If a person wants to accomplish something then they may make a plan to reach their goal. While in most contexts having a plan in place is usually considered a benefit to an individual, in one particular context it may not be a good thing: accusations of criminal conduct. In particular, if an Arizona resident is accused of causing another person's death and "premeditation" is alleged, they may face a very steep and very serious uphill legal battle.

That is because having a plan or engaging in premeditation before committing an alleged murder may elevate the charges that a person will face. Any time that someone is accused of taking another person's life the legal consequences will be significant, but when premeditation is alleged the accused is effectively charged with planning to kill a person, executing their plan and causing a death.

When plea deals go wrong: how to overturn your conviction

When you are facing criminal charges, you may decide to enter a plea bargain, also known as a plea deal. A plea deal is a strategy for reducing your charges and shortening your sentence. You may attempt to strike a deal only to find out it is not doing you any good.

Thankfully, you may be able to overturn your conviction if you can prove your lawyer did not provide you with effective guidance. Understand how to prove your previous attorney did a bad job.

The appellate courts of Arizona

When a prosecutor in Arizona files criminal charges against a person in the courts of the state, the matter, if it goes to trial, will be heard in the superior court of the jurisdiction where the prosecutor filed the charges. If the matter ends and the non-prevailing party believes that a mistake was made at the lower level, that party may appeal the case to intermediate appellate court for review.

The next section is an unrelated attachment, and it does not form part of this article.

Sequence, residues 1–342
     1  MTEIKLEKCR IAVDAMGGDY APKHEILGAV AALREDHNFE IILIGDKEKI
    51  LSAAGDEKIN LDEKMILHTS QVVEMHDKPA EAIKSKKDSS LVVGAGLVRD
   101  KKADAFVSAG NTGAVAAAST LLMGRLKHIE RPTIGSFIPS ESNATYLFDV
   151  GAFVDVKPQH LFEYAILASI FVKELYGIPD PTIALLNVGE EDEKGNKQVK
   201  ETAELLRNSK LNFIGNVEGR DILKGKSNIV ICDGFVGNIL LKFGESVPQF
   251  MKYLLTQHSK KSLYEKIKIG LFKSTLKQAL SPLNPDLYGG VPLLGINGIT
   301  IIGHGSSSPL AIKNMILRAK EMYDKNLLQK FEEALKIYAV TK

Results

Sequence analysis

In Arizona, there are two intermediate appellate court sites: one in Phoenix and one in Tucson. When a matter is heard by the appellate court three judges will listen to arguments and work together to make a decision regarding the basis of the appealing party's claims. It is not uncommon for a matter to be sent back down to the superior court after an appeal to have the potentially problematic element addressed at the trial level.

Is your DUI the result of a false positive on a testing device?

If you have a DUI charge pending against you, you may feel like there is nothing you can do to avoid a conviction. Many people in the Mesa area, like you, find themselves in similar situations. Up until now, you probably never thought you could end up with criminal charges for driving while under the influence without consuming enough alcohol to affect your movements and cognitive abilities. However, false positives on breath tests are quite common.

A DUI charge may seem like an insurmountable incident. However, if you feel you received a DUI charge erroneously, here are a few possible reasons for false positives that may aid you in your DUI defense.

Ways people make a DUI arrest harder than it needs to be

Arizona police have really cracked down on drunk drivers in recent years. In 2017, police made over 93,000 more traffic stops than in the previous year. However, the actual number of arrests only increased slightly, which suggests many Arizona residents avoid getting behind the wheel after a night of drinking. 

Unfortunately, many people make the situation more difficult on themselves when the police pull them over and arrest them for drunk driving. It is possible to mount a defense, but if someone does the following, then the case becomes much harder. 

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The Nolan Law Firm
1744 S Val Vista Drive, Suite 210
Mesa, AZ 85204

Phone: 480-359-3457